Jul 29, 2019 - Democratic Republic of the Congo
Gender equality is nothing but an idea if not put into practice. I understood that quite quickly after having started working. Gender equality cannot be reduced to a concept, a buzz term, or a bullet point on our checklists, it should be a reality. It is one of the greatest challenges of our times because gender inequalities are structural and are to be found in almost every culture. Only their degree vary. Gender inequalities have too long been overlooked and put aside.
Working towards gender equality means operationalising ideas, experimenting.
Working towards gender equality is therefore working towards a better world, which many of us strive to but without gender equality, who's world are we talking about? It would be a beautiful world only for a particular part of the population having the luck (or/and the capacity) to fit into the "right" category. Working towards gender equality means operationalising ideas, putting them into practice, experimenting. This is a crucial step that has to be taken by anyone striving to achieve gender equality.
Last week I was in the east of the Democratic Republic of the Congo as part of the Addressing Root Causes « ARC INAWEZEKANA - It is possible » programme*. I was there together with Nicolas Haezebrouck, a trainer of The Hague Academy for Local Governance and we could, through this training of trainers, operationalise ideas.
Designing this training was a challenge. Delivering this training was an even bigger one but it worked out! Actually, the success of the training lied at the heart of its design. It built on the realities and experiences of the participants and together, we started co-creating gender equality and inclusive governance in the east Congolese context of local governments and local security. That way participants, who will be trainers themselves, made such ideas their own and this is very powerful.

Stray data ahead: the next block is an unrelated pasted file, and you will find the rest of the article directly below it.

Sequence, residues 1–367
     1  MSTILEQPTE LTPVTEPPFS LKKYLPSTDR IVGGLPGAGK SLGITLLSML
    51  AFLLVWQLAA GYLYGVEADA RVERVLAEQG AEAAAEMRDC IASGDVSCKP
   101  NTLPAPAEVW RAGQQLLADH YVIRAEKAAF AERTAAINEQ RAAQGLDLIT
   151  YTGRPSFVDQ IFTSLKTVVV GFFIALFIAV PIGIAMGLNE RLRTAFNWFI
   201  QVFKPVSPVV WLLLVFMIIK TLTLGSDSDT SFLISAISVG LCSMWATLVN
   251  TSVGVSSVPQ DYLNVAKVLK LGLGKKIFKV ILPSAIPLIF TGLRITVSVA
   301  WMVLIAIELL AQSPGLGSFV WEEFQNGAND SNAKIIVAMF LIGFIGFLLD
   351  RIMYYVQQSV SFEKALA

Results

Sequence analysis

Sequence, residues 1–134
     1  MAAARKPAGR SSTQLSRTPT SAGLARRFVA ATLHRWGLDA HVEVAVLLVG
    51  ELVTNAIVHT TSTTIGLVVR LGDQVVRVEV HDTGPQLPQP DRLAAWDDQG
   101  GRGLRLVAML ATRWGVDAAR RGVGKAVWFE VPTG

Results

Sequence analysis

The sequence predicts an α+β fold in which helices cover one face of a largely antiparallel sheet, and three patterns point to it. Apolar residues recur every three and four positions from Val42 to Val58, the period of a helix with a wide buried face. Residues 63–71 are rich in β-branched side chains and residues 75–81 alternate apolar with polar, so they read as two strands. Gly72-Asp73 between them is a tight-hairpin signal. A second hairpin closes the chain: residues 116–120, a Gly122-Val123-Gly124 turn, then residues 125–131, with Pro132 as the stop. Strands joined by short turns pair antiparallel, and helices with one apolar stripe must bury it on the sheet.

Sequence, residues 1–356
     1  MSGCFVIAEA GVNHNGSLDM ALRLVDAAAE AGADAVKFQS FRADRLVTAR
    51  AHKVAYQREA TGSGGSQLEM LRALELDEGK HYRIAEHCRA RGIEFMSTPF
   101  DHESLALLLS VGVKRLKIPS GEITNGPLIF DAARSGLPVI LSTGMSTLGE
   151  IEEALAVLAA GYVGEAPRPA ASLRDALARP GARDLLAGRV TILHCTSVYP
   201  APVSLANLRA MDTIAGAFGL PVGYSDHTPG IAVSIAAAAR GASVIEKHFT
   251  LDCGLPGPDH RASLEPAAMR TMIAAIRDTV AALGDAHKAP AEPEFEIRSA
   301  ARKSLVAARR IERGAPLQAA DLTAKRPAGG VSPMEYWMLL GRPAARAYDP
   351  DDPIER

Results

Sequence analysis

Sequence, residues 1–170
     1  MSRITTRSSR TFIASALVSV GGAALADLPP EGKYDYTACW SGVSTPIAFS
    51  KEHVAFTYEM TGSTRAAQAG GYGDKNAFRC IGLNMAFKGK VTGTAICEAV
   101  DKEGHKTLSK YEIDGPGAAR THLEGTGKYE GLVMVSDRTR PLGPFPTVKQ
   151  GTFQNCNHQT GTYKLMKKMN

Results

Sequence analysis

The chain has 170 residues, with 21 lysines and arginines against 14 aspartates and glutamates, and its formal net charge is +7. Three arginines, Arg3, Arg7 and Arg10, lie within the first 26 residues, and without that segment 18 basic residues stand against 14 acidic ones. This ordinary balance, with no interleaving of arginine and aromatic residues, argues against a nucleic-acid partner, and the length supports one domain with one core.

Discussions were intense and without censure, emotions were shared and vulnerability was shown. These elements were critical if we were to have a constructive and successful week. The combination of awareness raising, knowledge sharing and building didactical capacities was key to the success of this training and hopefully will be key to the success of their own trainings to the local and traditional authorities in the DRC.
After 4 days of training, the participants had the chance to take the floor and show us how they would implement (part of) the training. It was wonderful to see how quickly they adapted the materials to the local context and dynamics without losing sight on the working methodology. Making comparisons we wouldn't even dream of to pass on the message! Only they can really understand the dynamics, cultural sensibilities and other aspects of the context, so they can make the change happen on the ground to achieve gender equality.
After an emotionally intense week of training, I am already looking forward to the next time I'll have the chance to do this.